The good news for Harvard men's basketball coach Pete Roby is that his wife Sandra gave birth to a baby girl, Kayla Alexandra Roby, Wednesday night.
"This is the biggest championship I'll ever win," said a jubilant papa Roby last night of the 7-Ib., four-and-a-half ounce new arrival.
The bad news is that the Harvard men's baseball team tonight opens the first half of the lost weekend, otherwise known as the Penn-Princeton road trip.
"It's amazing how few people do well on this trip," Roby said. "One of the things that makes it tough is that you are not only facing two of the traditionally toughest teams, but there is such a radical difference between the two teams in style."
Princeton plays tortoise to Penn's hare, and opponents find it difficult to keep up with either's pace.
The Tigers have done the NCAA rules committee proud, integrating the NCAA's last major changes into its offense. Princeton runs the 45-second shot clock down to single digits before firing up a three-pointer.
And not only do the Tigers take a lot of three-point shots--39 percent of their attempts come from trifecta land--but they also make a lot of the them. Princeton is currently ranked third in the country in three-point shooting, connecting on 48 percent (135-of-279) of its triples.
Guard Dave Orlandini (15.8 points a game) leads the barrage, connecting on 44-of-75 three-pointers (58 percent). If Orlandini is off, and he rarely is, there's forward Bob Scrabis (15.6 p.p.g), who has hit 40-of-85 three-pointers, and guard Tim Neff (9.1 p.p.g), who has hit half of his three's, 37-of-74, to pick up the slack.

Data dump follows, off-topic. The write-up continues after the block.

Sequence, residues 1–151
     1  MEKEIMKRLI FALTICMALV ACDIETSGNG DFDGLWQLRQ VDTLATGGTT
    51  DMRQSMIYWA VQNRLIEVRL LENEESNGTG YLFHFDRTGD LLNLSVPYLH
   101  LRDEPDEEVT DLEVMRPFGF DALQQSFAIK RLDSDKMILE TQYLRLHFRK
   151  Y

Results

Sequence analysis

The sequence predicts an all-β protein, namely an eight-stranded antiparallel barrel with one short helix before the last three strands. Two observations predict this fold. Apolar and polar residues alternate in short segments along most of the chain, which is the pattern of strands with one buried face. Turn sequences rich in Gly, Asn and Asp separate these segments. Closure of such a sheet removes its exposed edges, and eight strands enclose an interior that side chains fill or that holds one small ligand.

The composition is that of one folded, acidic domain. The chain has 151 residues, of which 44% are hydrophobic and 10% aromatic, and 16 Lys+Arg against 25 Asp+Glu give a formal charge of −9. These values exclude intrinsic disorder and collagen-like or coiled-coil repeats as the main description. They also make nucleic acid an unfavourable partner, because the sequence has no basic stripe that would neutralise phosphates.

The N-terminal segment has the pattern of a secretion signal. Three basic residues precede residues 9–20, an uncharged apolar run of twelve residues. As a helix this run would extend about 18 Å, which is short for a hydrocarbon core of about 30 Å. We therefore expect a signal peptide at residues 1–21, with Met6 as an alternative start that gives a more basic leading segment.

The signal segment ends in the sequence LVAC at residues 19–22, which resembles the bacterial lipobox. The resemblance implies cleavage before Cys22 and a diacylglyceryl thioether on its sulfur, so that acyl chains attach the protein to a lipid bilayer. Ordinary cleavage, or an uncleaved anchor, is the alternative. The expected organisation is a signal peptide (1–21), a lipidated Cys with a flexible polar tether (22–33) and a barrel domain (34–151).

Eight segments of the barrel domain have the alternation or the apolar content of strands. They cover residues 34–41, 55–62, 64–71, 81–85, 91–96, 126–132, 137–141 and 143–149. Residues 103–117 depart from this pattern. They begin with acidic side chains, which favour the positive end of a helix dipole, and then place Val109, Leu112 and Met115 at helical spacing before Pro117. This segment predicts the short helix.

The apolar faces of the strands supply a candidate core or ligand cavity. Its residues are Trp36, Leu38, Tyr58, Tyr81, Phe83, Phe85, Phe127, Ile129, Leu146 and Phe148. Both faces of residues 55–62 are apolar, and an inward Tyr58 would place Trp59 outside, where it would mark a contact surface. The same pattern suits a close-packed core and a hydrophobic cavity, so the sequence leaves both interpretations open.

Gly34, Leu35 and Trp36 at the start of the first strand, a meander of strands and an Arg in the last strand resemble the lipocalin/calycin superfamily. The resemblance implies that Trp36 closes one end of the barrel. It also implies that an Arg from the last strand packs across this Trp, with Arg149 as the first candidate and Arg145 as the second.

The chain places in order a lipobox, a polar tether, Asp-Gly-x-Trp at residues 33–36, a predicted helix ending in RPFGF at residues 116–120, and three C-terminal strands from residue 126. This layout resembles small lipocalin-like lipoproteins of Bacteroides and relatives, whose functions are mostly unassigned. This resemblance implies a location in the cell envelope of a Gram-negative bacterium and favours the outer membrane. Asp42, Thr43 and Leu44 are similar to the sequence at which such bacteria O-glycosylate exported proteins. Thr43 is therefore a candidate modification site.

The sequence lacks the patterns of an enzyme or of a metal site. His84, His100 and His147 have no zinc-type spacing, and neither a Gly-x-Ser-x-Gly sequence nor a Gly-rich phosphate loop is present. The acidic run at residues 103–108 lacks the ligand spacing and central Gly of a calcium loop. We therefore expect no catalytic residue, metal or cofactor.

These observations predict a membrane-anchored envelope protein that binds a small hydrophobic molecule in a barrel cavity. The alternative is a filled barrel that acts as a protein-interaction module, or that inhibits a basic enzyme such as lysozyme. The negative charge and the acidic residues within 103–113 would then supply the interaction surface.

John Thompson Jr., son of Georgetown Coach John Thompson, doesn't score much (5.4), but he runs the team from his "point" forward position, dishing off 63 assists.
Freshman center Kit Mueller (11.1 p.p.g, 6.2 r.p.g.) rounds out the starting lineup.
All five Tiger starters average between 30 to 38 minutes an outing, and the Crimson, which has slowed its tempo a tad from last year, may look to rev it up.
Tonight, the Crimson opens against youthful Penn. The Quakers start three freshman, and spent the early part of this year seasoning the youngsters against top-level competition such as Georgia Tech, Notre Dame, and Indiana.
Penn depends on Tyrone Pitts to lead the team. The only returning starter from last year, the 6-ft., 5-in. senior has bitten into opponents and spit out the pits, averaging 16.9 p.p.g., 7.1 r.p.g.
Walt Frazier Jr., son of the former NBA star, leads the backcourt, dishing off 64 assists while scoring nine points a game. A pair of 6-ft., 7-in. freshmen, Ben Spiva (10.2 p.p.g, 5.7 r.p.g.) and Hassan Duncombe.